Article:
http://www.cumc.columbia.edu/dept/sergievsky/.

Columbia University Medical Center provides international leadership in basic, pre-clinical and clinical research, in medical and health sciences education, and in patient care. The medical center trains future leaders and includes the dedicated work of many physicians, scientists, public health professionals, dentists, and nurses at the College of Physicians & Surgeons, the Mailman School of Public Health, the College of Dental Medicine, the School of Nursing, the biomedical departments of the Graduate School of Arts and Sciences, and allied research centers and institutions. Established in 1767, Columbia’s College of Physicians & Surgeons was the first institution in the country to grant the M.D. degree and is among the most selective medical schools in the country. Columbia University Medical Center is home to the largest medical research enterprise in New York City and state and one of the largest in the United States. For more information, please visit www.cumc.columbia.edu.

Original Content The Alzheimer’s Reading Room

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Markers in Blood and Spinal Fluid, and a New Imaging Agent, Show Promise for Early Detection of Alzheimer’s

Alzheimer’s Association International Conference on Alzheimer’s Disease 2008

With the continued aging of the population and the growing epidemic of Alzheimer’s, early detection of the disease is crucial for risk assessment, testing new therapies, and eventual early intervention with better drugs, once they are developed. Four studies reported today at the Alzheimer’s Association’s 2008 International Conference on Alzheimer’s Disease (ICAD 2008) in Chicago bring us closer to that goal of early detection by describing advances in biomarkers.


Markers in Blood and Spinal Fluid, and a New Imaging Agent, Show Promise for Early Detection of Alzheimer’s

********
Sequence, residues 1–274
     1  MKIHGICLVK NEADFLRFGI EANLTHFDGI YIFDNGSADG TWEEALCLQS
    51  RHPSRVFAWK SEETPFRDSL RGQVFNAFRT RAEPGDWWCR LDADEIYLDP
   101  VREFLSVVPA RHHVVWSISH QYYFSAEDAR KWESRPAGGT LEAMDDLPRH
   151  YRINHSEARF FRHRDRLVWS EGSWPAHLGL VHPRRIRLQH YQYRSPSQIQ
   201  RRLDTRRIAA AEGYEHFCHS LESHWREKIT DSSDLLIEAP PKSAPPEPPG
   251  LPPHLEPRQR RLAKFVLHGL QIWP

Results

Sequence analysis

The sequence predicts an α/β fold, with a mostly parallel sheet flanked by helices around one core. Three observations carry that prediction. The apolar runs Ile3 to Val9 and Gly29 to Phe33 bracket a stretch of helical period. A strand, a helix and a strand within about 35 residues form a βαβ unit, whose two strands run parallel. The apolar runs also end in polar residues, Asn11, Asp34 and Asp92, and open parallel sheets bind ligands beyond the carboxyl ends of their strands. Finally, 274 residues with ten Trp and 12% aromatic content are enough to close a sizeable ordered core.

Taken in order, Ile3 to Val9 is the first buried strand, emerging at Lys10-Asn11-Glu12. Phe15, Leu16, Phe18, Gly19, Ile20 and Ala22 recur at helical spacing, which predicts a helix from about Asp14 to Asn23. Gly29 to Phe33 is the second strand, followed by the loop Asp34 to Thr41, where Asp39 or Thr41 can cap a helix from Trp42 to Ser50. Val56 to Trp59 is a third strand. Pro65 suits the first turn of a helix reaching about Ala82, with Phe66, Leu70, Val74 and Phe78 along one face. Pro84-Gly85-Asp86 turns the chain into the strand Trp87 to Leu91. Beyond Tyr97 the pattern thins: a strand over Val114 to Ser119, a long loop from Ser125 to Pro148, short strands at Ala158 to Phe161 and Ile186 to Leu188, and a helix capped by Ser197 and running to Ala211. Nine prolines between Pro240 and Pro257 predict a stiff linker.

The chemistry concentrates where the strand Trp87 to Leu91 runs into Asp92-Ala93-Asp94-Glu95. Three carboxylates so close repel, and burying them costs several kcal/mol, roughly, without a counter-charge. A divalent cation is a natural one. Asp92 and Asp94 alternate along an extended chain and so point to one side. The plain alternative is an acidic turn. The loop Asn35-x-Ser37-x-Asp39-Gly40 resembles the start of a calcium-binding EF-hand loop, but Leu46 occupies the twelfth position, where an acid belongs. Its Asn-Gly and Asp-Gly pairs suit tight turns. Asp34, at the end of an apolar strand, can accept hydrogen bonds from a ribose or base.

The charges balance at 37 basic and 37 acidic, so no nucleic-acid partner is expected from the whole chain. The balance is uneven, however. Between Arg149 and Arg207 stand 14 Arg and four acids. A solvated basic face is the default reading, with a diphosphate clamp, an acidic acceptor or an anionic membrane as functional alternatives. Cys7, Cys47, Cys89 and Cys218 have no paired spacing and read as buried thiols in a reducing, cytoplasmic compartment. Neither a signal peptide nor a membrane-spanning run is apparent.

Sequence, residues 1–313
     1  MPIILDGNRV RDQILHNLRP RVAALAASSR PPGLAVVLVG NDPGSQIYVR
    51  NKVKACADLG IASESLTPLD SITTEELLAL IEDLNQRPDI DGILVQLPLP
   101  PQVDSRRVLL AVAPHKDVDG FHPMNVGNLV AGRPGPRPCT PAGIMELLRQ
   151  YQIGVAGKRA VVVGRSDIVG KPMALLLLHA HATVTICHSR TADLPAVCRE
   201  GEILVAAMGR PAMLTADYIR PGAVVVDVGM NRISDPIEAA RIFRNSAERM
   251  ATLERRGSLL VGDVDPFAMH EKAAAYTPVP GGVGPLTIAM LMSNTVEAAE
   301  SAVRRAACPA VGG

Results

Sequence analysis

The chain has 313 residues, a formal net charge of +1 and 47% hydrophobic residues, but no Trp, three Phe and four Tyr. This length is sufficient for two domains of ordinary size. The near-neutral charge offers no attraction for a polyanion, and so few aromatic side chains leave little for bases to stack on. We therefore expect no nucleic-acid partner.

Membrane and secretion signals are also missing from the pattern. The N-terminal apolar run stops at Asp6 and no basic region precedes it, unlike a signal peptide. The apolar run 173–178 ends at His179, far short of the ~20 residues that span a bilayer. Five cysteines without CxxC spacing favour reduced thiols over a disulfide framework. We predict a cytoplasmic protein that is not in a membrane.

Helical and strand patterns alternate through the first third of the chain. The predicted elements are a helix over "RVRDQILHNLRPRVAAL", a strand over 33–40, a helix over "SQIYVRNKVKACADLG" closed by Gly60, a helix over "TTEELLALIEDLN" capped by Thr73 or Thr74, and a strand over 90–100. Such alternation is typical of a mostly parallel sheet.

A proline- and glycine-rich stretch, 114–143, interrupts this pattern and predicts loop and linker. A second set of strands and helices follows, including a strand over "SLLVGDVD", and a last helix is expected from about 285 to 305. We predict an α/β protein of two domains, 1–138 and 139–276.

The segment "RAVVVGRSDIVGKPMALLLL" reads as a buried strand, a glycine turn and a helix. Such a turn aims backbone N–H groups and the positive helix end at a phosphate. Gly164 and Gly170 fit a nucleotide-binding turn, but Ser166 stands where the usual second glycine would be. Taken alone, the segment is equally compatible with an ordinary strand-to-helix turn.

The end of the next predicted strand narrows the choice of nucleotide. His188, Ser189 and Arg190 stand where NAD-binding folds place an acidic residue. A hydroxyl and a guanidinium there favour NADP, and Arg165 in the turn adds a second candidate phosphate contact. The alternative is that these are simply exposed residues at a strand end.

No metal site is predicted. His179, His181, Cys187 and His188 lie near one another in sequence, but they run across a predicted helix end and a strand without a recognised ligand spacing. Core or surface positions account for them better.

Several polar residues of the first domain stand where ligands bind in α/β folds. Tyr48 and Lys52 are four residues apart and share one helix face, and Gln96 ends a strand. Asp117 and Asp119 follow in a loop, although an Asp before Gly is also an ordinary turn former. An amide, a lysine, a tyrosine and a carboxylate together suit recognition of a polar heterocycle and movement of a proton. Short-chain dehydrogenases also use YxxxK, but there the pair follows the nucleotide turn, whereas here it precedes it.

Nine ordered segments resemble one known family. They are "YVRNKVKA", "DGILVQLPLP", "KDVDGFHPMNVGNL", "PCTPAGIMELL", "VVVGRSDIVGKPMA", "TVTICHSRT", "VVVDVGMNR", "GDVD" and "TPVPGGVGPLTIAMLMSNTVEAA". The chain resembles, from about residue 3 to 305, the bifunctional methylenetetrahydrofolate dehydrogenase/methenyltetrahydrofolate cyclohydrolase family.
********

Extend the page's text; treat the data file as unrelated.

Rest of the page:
A biomarker is a substance or characteristic that can be objectively measured and evaluated as an indicator of normal body processes, disease processes, or the body’s response(s) to a therapeutic intervention.

It is widely believed that Alzheimer’s disease brain changes, including amyloid plaques and neurofibrillary tangles, begin many years before symptoms are evident or there is significant death of brain cells. It is critical to identify affected individuals while they are still cognitively normal so that future disease modifying therapies can preserve normal function. The testing and eventual use of such therapies requires identification of affected and “at risk” individuals in order to steer them to clinical trials, and to direct and monitor therapy.

“Discovery of measurable markers that track with the presence of Alzheimer’s pathology and that predict the development of cognitive decline in people who are still cognitively normal, known as ‘antecedent biomarkers,’ are especially needed,” said William Thies, PhD, vice president of Medical and Scientific Relations at the Alzheimer’s Association. “It is greatly preferable that these markers be easy to obtain, such as in samples of blood or urine, or through readily available imaging technologies, such as MRI and PET.”